The remote south Atlantic dependency of St Helena is to have its first airport in 2012 when the current Royal Mail Ship, St Helena, will be withdrawn from service. For many years the ship was operated from Falmouth by Curnow Shipping from its Killigrew Street office. In a referendum, a majority of the 3,800 islanders voted in favour of the airport, which is seen as the island's future economic lifeline with the outside world. Outgoing governor Michael Clancy said: "The potential growth of tourism is considerable but the St Helena can only carry a maximum of 128 passengers, which puts a limit on development."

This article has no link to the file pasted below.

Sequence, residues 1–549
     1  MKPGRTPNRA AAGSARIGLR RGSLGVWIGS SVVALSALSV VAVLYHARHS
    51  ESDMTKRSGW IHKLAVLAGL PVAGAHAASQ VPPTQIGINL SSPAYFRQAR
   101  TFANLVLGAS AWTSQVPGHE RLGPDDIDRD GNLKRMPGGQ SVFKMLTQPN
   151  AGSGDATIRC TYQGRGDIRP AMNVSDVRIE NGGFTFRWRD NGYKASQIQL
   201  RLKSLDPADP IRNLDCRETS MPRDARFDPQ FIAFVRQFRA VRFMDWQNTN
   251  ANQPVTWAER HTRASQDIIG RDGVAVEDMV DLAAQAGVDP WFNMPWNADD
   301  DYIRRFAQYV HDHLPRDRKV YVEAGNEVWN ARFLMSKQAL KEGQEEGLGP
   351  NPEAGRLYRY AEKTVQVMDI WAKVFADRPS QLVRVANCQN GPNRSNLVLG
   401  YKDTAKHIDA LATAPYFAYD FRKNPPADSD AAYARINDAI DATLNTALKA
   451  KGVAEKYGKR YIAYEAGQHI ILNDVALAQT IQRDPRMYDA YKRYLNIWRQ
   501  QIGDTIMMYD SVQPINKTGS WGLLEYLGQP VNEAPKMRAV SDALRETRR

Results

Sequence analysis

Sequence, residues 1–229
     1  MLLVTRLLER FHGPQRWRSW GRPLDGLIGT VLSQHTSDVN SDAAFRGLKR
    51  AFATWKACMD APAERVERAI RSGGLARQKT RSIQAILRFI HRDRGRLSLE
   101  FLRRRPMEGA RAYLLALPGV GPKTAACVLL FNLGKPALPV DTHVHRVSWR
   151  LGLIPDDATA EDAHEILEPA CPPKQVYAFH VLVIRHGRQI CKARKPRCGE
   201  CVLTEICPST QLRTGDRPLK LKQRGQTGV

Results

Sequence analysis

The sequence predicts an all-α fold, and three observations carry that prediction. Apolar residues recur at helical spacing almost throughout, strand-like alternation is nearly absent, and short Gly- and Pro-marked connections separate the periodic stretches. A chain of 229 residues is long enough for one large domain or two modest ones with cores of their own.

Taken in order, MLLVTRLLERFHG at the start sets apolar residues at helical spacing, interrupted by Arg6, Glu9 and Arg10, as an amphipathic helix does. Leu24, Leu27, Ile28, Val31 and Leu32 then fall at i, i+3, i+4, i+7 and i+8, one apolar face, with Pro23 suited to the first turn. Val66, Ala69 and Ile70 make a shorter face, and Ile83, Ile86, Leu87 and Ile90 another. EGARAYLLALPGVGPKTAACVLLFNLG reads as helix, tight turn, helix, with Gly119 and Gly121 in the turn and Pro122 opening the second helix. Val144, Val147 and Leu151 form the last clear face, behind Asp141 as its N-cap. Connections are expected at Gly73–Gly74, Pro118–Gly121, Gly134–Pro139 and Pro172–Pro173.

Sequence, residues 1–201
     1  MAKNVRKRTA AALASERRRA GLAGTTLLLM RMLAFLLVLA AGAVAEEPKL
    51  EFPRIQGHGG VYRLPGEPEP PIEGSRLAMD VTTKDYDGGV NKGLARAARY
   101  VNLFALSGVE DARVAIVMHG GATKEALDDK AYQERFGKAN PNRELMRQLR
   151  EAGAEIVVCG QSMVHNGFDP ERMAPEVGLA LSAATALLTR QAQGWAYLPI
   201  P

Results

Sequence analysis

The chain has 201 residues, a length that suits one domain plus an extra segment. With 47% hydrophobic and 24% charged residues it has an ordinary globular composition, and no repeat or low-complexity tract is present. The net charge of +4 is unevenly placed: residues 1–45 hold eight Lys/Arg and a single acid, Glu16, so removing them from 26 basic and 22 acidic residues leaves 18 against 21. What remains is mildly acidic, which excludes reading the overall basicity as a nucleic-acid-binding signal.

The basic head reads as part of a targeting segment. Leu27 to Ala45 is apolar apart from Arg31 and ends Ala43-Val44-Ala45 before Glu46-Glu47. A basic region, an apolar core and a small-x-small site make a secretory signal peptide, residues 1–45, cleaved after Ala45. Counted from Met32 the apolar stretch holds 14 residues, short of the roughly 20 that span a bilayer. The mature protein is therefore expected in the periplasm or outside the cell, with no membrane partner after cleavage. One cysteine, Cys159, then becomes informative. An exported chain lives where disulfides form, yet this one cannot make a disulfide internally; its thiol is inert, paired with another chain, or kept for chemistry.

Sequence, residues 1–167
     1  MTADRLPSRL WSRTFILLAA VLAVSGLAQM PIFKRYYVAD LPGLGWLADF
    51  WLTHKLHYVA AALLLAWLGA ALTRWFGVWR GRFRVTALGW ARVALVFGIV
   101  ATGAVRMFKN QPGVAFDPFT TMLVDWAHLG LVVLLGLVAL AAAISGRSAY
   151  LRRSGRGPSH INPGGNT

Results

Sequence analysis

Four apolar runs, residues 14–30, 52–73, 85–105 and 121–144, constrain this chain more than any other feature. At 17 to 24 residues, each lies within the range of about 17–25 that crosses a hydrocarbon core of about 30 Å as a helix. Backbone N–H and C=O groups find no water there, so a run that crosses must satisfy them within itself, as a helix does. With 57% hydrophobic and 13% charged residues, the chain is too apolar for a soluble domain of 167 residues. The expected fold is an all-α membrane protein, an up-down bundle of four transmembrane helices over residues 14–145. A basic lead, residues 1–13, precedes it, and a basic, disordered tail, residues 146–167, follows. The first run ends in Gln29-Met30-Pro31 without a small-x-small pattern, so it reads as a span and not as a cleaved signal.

The St Helena government expect tourist numbers to increase to 10,000 per year after the airport is built. The isolated island, 1,200 miles off the coast of Africa is best known as the island where Napoleon Bonaparte was imprisoned until he died in 1821. The fourth HMS Northumberland conveyed Napoleon from Plymouth to St Helena, where the late Emperor disembarked in October 1815. The ship called into Falmouth to shelter enroute to the South Atlantic. RMS St Helena, which was launched by HRH The Duke of York in 1989, is a 6,767 ton liner that carries 128 passengers and 2,000 tons of cargo. The ships also visits Ascension Island - Tristan da Cunha, as well as Cape Town and Walvis Bay in Namibia.